Please note that SIT will make every effort to maintain its programs as described. To respond to emergent situations, however, SIT may have to change or cancel programs.



Access virtual library guide.

This interdisciplinary program balances an overview of Nepal’s history, religions, environments, and diversity with an analysis of some of the most pressing contemporary issues in development and social change. Students are exposed to different environments and viewpoints and develop their own questions about Nepal’s development and interaction with international agencies, its diverse regions and ethnic identities, and its place in South Asia and the world. Lectures and discussions will cover the following topics:

  • Introductions to Nepal and development: Locating Nepal in the region (and Kathmandu’s place in Nepal); religious traditions that help define Nepalese society; introduction to Nepali society and social structure
  • Gender and sexuality: Gender and sexuality in Nepal; patriarchy and social discourse surrounding issues of gender and sexual minorities; status of women in Nepal
  • Food security, community development, and social capital: Community-based development and resource governance; social capital; food security and impacts of climate change on local communities
  • Rural development and migration: Development efforts by state and communities to compete in and integrate into the global market; labour migration and impact on families, communities, and the state; changing rural landscapes
  • Development redefined: Social entrepreneurship; social capital and civil society; community driven development, and sustainable development

Through the Field Methods and Ethics course, students learn appropriate field methodology and gain practical experience working in the field, ultimately leading toward their Independent Study Project (ISP) or internship. The program’s excellent Nepali language course prepares students for a rich ISP or internship experience in which even novice learners are able to engage productively in their research or internship using newly acquired Nepali language skills.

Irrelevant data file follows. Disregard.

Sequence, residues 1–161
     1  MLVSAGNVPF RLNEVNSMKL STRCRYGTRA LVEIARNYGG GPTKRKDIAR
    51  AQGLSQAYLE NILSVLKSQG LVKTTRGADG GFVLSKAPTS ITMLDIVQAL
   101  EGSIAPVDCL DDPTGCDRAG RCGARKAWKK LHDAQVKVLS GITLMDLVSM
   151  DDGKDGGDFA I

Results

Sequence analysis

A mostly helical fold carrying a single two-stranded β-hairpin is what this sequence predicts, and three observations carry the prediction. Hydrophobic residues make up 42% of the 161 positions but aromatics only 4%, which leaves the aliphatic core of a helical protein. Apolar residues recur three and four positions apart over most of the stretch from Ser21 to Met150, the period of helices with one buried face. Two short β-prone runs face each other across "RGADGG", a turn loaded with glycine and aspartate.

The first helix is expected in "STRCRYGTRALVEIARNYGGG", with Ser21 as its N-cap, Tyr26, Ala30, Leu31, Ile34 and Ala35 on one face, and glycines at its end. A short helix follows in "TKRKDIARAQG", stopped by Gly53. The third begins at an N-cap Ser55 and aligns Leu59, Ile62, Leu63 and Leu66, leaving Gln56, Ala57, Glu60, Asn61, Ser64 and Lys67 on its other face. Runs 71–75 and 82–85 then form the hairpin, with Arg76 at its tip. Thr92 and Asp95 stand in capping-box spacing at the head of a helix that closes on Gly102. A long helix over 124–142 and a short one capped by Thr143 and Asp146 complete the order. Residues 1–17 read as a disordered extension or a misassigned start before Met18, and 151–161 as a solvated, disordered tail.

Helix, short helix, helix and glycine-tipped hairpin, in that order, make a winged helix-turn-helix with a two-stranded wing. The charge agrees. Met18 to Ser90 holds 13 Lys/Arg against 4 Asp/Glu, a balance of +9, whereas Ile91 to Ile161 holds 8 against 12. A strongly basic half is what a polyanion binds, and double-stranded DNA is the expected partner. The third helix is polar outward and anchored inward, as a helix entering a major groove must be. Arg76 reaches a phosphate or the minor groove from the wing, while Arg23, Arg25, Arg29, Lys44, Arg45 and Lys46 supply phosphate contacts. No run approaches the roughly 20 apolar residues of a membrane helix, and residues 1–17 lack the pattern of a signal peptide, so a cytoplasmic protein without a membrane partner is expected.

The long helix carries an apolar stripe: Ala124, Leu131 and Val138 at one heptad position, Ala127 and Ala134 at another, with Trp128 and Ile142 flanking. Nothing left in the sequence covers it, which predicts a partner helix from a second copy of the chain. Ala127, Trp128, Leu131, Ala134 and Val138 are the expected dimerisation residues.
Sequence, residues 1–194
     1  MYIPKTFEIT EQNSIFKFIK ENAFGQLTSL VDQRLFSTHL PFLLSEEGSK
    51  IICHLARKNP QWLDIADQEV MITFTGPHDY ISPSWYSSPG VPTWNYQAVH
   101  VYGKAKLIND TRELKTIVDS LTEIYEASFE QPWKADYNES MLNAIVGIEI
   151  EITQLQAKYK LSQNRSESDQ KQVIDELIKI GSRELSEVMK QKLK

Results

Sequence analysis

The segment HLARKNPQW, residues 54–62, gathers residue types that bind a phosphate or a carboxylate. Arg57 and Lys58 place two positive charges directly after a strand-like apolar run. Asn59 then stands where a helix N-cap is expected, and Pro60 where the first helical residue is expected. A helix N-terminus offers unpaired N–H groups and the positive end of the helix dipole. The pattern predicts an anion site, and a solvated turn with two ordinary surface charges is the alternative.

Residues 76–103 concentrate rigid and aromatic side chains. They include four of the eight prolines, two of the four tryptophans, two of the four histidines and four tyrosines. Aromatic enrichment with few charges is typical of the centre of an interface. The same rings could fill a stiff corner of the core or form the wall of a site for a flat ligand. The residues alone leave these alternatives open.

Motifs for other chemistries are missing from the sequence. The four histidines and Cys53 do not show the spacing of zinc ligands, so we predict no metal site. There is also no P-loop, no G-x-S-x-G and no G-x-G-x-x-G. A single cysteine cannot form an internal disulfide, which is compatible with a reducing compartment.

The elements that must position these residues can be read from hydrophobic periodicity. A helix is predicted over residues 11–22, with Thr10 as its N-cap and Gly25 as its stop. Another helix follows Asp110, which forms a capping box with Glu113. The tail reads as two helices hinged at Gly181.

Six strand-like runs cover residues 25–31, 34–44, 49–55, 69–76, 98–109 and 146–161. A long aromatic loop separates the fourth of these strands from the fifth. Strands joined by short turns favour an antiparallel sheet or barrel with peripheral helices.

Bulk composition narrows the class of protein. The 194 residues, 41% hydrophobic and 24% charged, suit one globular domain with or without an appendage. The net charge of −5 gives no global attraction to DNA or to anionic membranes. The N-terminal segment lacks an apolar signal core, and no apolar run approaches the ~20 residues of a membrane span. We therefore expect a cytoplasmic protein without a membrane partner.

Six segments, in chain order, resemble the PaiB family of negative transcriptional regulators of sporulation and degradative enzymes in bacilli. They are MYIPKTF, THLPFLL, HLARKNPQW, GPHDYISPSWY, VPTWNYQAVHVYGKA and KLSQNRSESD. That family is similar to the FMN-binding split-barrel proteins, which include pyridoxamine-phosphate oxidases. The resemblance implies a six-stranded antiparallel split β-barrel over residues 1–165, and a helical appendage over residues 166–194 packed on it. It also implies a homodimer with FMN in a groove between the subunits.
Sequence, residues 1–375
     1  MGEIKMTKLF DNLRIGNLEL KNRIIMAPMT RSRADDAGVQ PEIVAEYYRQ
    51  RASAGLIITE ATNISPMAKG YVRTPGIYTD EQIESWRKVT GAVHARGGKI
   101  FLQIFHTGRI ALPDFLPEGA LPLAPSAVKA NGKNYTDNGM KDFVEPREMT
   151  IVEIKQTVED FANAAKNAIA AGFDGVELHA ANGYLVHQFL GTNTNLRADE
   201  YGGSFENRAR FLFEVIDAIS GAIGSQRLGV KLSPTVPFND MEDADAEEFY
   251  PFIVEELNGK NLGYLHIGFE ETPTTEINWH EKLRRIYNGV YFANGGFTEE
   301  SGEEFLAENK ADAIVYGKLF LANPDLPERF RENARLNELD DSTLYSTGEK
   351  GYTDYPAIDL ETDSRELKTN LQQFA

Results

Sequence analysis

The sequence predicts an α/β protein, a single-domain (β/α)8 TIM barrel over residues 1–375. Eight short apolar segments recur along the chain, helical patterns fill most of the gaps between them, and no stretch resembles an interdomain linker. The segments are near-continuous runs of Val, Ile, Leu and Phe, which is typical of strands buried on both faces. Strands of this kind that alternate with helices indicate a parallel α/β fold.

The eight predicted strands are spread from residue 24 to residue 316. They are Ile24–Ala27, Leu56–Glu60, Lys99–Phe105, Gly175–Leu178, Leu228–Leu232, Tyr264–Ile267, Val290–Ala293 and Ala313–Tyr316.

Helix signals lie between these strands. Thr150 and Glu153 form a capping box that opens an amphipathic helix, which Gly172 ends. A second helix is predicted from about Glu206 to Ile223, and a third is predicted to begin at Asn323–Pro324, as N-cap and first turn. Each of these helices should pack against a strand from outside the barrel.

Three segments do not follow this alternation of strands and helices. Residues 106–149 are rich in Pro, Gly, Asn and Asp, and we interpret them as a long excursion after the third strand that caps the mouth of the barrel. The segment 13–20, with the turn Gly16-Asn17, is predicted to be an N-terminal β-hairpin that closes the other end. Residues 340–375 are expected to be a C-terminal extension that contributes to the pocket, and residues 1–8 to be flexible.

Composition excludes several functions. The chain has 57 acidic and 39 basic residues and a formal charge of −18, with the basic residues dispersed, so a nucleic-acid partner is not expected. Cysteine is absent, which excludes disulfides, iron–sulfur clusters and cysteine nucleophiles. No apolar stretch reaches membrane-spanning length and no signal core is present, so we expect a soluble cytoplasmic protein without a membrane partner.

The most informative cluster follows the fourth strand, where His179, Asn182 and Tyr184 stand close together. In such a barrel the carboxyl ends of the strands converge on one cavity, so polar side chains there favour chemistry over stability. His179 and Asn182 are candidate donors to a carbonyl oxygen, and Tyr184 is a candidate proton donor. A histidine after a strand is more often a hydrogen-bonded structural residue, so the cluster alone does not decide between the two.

Please expand the sections below to see detailed course information, including course codes, credits, overviews, and syllabi.

Key Topics

  • Climate change and environmental concerns in the Himalayas
  • Caste, class, gender, and religion in Nepal
  • Economic development, the emerging middle class, and labor migration
  • Redefining development, social capital, and civil society
  • Ethnicity, nationhood, and social and political change
  • Causes and conditions for change and conflict

Development, Gender, and Social Change in the Himalaya

Development, Gender, and Social Change in the Himalaya – syllabus
(DVST3000 / 3 credits)

An interdisciplinary course conducted in English with required readings and relevant educational excursions. Using gender as a lens for engaging with development theory and practice, the seminar examines historical and contemporary Nepal and the social, political, cultural, environmental, and economic forces — both internal and global — that have shaped and continue to define the country. Lecturers are a cross-section of Nepali society, including activists and experienced academics drawn from academic institutions such as Tribhuvan University, Kathmandu University, and the Fulbright Commission. Site visits to nongovernmental organizations may include rights and development agencies like MITINI Nepal, ICIMOD, and Teach4Nepal, among others.